Company towns in the Americas
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Company towns in the Americas landscape, power, and working-class communities by Oliver J. Dinius

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Published by University of Georgia Press in Athens, Ga .
Written in English


Book details:

Edition Notes

Includes bibliographical references and index.

Statementedited by Oliver J. Dinius and Angela Vergara
SeriesGeographies of justice and social transformation
Classifications
LC ClassificationsHT121 .C66 2011
The Physical Object
Paginationp. cm.
ID Numbers
Open LibraryOL24553016M
ISBN 100820333298, 0820336823
ISBN 109780820333298, 9780820336824
LC Control Number2010020411

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Company Towns in the Americas: Landscape, Power, and Working-Class Communities (Geographies of Justice and Social Transformation) (Geographies of Justice and Social Transformation Ser. Book 4) Cited by: In this Book. Company towns were the spatial manifestation of a social ideology and an economic rationale. The contributors to this volume show how national politics, social protest, and local culture transformed those founding ideologies by examining the histories of company towns in six countries: Argentina (Firmat), Brazil (Volta Redonda, Santos, Fordlândia), Canada (Sudbury), Chile (El Salvador), Mexico (Santa Rosa Cited by: 8.   Company Towns in the Americas: Landscape, Power, and Working-Class Communities. Company Towns in the Americas.: Oliver J. Dinius, Angela Vergara. University of Georgia Press, Jan 1, - Political Science - pages. 0 Reviews. Company towns were the spatial manifestation of a social ideology and an economic rationale. “In her brilliant exploration of company towns from to , Margaret Crawford has created the definitive book on this major topic in American economic and urban history, as well as a model of fine analytical writing about the politics of by:

Printed digitally in the United States of America Library of Congress Cataloging-in-Publication Data Company towns in the Americas: landscape, power, and working-class communities / edited by Oliver J. Dinius and Angela Vergara. p. cm. — (Geographies of justice and social transformation) Includes bibliographical references and by: 8. Further reading. Carlson, Linda (). Company Towns of the Pacific Northwest. ISBN Archived from the original on ; Crawford, Margaret (). Building the Workingman's Paradise: The Design of American Company Towns. Welcome to Pawnee: More Exciting than New York, More Glamorous than Hollywood, Roughly the Same Size as Bismarck, North Dakota In Pawnee, Leslie Knope (as played by Amy Poehler on NBC's hit show Parks and Recreation) takes readers on a hilarious tour through her hometown, the Midwestern haven known as Pawnee, book chronicles the city's colorful citizens and hopping nightlife, and /5().   The original coal and textile towns in America are now largely ghostly, but places like Hershey and Corning, New York, which was invigorated by the Corning glass Author: Michele Lent Hirsch.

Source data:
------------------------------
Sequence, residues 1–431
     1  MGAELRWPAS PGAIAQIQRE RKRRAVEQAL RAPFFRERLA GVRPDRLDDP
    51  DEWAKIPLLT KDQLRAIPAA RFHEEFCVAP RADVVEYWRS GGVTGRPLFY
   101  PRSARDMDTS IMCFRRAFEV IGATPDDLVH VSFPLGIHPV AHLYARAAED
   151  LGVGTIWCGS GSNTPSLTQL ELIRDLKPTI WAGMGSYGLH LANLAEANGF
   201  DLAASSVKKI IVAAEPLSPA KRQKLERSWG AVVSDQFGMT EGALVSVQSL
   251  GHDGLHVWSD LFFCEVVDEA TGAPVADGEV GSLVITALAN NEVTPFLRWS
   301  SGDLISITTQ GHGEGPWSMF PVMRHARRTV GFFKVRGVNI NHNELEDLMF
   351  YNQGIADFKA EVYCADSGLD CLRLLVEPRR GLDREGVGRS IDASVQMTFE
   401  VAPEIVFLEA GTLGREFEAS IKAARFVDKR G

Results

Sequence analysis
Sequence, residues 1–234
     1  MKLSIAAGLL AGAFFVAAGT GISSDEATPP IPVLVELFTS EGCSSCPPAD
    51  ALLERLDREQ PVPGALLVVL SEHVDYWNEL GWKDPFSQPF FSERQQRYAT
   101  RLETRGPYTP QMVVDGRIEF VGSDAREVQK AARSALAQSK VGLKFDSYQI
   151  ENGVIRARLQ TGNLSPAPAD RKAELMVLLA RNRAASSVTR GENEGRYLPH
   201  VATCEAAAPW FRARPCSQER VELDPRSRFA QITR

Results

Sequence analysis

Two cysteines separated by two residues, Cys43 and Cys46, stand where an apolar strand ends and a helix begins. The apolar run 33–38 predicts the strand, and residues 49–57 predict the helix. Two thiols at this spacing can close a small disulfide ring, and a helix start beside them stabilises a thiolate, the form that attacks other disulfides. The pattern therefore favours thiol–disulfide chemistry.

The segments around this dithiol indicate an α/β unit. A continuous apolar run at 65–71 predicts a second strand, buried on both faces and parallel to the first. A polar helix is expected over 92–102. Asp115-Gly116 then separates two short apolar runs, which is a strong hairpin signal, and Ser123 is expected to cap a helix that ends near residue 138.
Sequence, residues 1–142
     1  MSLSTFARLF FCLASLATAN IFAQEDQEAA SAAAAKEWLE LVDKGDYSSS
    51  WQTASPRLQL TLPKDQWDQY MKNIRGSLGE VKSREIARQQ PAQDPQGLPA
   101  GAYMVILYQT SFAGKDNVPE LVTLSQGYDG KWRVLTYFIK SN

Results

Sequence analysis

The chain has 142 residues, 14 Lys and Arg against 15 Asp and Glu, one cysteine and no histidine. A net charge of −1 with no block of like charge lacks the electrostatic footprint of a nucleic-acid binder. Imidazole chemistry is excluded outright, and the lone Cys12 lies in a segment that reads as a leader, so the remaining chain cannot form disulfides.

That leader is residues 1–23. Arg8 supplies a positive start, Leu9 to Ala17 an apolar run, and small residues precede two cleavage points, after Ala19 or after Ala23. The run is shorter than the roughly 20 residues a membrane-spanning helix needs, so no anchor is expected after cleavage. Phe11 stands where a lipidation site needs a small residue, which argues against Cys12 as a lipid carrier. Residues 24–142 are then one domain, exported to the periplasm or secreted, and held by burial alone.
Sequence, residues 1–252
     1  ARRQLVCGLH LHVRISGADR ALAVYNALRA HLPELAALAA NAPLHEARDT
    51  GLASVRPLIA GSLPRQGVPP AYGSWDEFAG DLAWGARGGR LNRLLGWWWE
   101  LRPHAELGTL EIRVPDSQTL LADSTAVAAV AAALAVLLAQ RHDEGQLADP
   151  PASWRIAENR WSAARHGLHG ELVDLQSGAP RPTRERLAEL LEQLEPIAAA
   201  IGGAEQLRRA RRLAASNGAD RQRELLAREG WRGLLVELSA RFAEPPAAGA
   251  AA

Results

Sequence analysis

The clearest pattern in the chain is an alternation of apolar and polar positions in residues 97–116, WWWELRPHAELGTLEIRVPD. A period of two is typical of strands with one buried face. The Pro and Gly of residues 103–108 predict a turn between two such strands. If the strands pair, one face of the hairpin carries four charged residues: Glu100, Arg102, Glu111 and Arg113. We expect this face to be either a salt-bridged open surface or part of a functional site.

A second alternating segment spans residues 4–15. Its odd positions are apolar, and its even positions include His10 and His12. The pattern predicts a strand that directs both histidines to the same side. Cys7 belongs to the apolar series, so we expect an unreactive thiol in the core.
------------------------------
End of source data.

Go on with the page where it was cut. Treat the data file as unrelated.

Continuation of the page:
North America Canada. Allenby, British Columbia, a former copper mining town adjacent to Copper Mountain, another company town and also a copper mine. Anyox, British Columbia, a now-abandoned smelter town on Observatory Inlet, near the mouth of the Nass River. Arvida, now in Jonquière borough, Saguenay, Quebec, owned by Alcan. Step right on to Main Street at any point in history, and be immersed in the wonder and unique flavor of life in your town, or any town in America. Penned by local experts, each Images of America book weaves the history of a community in stories and rare photos, from its beginnings to today.   Lane Windham's excellent new book, Knocking on Labor's Door: Union Organizing in the 's and the Roots of a New Economic Divide, mentions—almost in passing—that one Amalgamated Clothing and Textile Workers Union organizing target, the textile giant Cannon Mills, continued to run a company town into the s. When the company was Author: Shaun Richman. A company town is a place where practically all stores and housing are owned by the one company that is also the main employer. Company towns are often planned with a suite of amenities such as stores, houses of worship, schools, markets and recreation facilities. They are usually bigger than a model village ("model" in the sense of an ideal to be emulated).